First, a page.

Whos Who In Ufology Today

Below are ten names of the most educated, respected UFologists alive today. By studying their theories and published works, you will be on the forefront of Ufology research.

Jerome Clark: Researcher and writer. He attended South Dakota State University and Minnesota State University, becoming interested in the UFO phenomenon in the 1960s. He initially embraced the interdimensional hypothesis to explain UFOs, but then turned to Extraterrestrial Hypothesis as the best explanation. His focus is on UFO cases with multiple witnesses, or those which leave physical evidence. He is an active board member of CUFOS, and has served as the editor of the CUFOS journal, as well as The Journal for UFO Studies. In the 1990s he published a massive three volume UFO Encyclopedia, which earned him the 1998 Benjamin Franklin Award in the Science category. He has written and co-written several books on UFOs.

Stanton T. Friedman: Nuclear Physicist. He received his BS and MS from University of Chicago, and worked for 14 years on advanced, classified projects such as nuclear aircraft, fission and fusion rockets, and nuclear power plants for space. He is possibly the best-known UFO lecturer in North America, having been the first promoter of the Roswell incident, and the most significant voice of the Extraterrestrial Hypothesis. His written testimony has been used in Congressional hearings, and he has appeared before the UN twice. He has published two books covering his work with the MJ-12 documents and the Roswell incident.

Richard F. Haines, Ph.D.: Research Scientist for NASA from 1967-1988. He received his MA and Ph.D. in Experimental Psychology from Michigan State University. He investigated aviation accidents and incidents for FAA, NTSB, and attorneys. For 37 years he has specialized in pilot sightings, amassing more than 3,000 reports. Other special interests include analysis of photographic evidence and data on Close Encounters of the Fourth Kind. He has written two books and numerous UFO articles.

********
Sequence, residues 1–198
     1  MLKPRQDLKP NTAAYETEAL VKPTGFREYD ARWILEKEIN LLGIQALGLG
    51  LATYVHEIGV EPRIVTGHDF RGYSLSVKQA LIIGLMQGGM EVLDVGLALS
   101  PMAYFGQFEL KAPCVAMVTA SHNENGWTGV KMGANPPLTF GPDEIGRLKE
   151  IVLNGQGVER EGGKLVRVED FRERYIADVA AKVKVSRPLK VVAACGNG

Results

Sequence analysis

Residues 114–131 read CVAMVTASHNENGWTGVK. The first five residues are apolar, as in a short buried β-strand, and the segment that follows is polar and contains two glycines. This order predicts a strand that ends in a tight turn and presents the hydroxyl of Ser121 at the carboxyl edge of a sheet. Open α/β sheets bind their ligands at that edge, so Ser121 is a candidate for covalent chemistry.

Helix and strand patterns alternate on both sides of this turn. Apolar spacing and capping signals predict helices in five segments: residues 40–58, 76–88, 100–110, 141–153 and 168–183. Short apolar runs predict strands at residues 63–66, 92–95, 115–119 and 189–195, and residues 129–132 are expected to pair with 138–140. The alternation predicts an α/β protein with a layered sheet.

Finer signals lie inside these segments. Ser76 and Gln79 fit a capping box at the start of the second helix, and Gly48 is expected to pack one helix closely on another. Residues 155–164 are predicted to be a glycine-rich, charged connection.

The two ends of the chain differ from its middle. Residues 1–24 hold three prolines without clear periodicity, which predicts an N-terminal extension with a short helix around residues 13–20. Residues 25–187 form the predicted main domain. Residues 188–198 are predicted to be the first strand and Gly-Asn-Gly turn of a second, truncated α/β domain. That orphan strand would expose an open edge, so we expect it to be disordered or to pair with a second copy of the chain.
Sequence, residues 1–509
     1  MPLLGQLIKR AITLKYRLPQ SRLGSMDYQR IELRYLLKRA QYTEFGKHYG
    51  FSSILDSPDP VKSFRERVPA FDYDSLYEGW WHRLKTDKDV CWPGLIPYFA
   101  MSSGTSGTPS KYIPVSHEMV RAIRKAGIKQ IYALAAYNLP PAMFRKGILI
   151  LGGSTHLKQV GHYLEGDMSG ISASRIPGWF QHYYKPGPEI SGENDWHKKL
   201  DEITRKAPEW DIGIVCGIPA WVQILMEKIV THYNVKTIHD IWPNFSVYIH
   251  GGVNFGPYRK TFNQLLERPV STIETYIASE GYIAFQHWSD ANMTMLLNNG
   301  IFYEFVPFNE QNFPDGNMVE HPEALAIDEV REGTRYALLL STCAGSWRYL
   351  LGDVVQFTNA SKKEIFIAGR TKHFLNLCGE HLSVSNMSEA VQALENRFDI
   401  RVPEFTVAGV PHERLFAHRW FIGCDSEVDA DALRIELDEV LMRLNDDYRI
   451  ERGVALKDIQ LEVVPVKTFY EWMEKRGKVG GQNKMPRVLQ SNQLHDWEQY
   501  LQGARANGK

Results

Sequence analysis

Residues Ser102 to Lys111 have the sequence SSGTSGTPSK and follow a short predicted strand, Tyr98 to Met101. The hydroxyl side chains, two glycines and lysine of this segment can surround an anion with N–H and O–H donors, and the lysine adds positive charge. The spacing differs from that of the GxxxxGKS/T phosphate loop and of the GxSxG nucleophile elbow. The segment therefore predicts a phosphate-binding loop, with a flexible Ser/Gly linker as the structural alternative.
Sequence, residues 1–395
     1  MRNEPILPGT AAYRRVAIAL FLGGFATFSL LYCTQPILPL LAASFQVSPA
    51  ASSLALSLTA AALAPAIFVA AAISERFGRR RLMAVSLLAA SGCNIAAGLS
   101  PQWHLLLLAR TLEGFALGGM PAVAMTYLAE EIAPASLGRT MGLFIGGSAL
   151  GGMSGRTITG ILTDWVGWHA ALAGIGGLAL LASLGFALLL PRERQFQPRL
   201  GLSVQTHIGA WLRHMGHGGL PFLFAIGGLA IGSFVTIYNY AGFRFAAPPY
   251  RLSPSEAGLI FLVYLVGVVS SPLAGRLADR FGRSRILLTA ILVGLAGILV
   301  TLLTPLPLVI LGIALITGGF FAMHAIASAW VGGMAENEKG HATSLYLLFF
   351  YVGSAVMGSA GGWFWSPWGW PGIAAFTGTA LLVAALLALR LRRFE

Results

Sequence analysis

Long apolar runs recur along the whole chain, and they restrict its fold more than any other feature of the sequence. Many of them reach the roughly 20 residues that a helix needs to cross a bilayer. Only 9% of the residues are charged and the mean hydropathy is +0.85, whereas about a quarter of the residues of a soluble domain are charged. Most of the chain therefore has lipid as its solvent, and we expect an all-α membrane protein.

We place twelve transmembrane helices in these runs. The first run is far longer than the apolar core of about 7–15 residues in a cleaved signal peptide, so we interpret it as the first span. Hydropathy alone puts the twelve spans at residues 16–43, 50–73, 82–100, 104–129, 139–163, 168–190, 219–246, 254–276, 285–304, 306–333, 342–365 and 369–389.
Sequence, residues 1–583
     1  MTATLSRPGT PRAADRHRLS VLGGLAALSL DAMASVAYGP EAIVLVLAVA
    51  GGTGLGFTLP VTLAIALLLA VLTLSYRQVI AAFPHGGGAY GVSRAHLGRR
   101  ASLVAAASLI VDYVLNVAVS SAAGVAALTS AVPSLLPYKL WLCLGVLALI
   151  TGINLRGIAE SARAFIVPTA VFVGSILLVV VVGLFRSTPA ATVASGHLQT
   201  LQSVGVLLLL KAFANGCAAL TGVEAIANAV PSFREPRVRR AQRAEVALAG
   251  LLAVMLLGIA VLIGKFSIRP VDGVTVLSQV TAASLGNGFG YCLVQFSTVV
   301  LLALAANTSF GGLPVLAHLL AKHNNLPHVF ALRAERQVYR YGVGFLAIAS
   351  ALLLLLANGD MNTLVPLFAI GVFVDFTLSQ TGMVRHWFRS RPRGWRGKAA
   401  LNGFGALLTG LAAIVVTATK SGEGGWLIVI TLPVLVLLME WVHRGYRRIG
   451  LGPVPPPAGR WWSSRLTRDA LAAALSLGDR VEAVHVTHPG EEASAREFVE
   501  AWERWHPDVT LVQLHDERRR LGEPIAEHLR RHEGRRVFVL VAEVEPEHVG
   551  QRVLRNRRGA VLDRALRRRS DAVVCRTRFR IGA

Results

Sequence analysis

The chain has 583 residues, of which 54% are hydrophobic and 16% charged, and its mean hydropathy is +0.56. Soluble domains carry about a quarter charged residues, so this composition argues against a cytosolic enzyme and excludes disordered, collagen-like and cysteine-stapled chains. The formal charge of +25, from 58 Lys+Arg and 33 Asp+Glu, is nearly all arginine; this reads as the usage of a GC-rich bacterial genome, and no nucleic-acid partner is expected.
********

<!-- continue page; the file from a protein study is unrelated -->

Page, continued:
Bernard Haisch, Ph.D.: Astrophysicist and President of Digital Universe Foundation; Chief Science Officer for ManyOne Networks, Inc; Director of California Institute for Physics and Astrophysics; and editor of numerous scientific journals. He earned his Ph.D. from the University of Wisconsin. Self-described as a "UFO skeptic, standing somewhere between the majority rejectionist view of mainstream scientific community and the majority accepting view of the general public," Haisch advocates personal research of phenomenon while suspending judgment.

James A. Harder, Ph.D.: Professor of Civil and Hydraulic Engineering and Professor Emeritus at University of California at Berkeley. Harder received his BS at Caltech, and his MS and Ph.D. at University of California in Berkeley. From 1969-1982 he was the director of research for Aerial Phenomena Research Organization, one of the first civilian organizations to study UFOs. He was the primary investigator on a number of classical UFO cases, mainly related to alien abductions. He is a strong advocate of the Extraterrestrial Hypothesis and the government cover-up theories.

John Keel: Parapsychologist and Journalist. Keel is best-known for his ideas that there is a direct relationship between UFOs and psychic phenomena and demonology. He is one of the most widely read and influential UFologists since the early 1970s. His 1967 book, The Mothman Prophesies-about a strange winged creature reportedly seen in West Virginia by numerous witnesses-was loosely adapted into a 2002 blockbuster.

Bruce Maccabbee, Ph.D.: Optical Physicist. He received his BS in physics from Worcester Polytechnical Institute, and his MA and Ph.D. at American University in Washington DC. He has been active in UFO research since the 1960s, when he joined NICAP. After its demise he joined MUFON and is now state director for Maryland. He was instrumental in establishing the Fund for UFO Research. He is the author and co-author of numerous technical articles and books.

John E. Mack, Ph.D.: Psychiatrist, psychoanalyst, and Pulitzer-prize winning biographer. He received his medical degree from Harvard Medical School after his undergraduate years at Oberlin. He graduated from the Boston Psychoanalytic Society and Institute and was Board certified in child and adult psychoanalysis. He was a professor of psychology at Harvard until his untimely death in a car accident in 2004. (We include him in this article of contemporary UFologists, since his work is relevant today.) Mack's clinical work focused on the exploration of dreams, nightmares, and teen suicide. In 1990 he published his research on alien abduction encounters, concluding, "There is compelling powerful phenomenon here that I can't account for any other way, that's mysterious¦it seems to me that it invites deeper, further inquiry."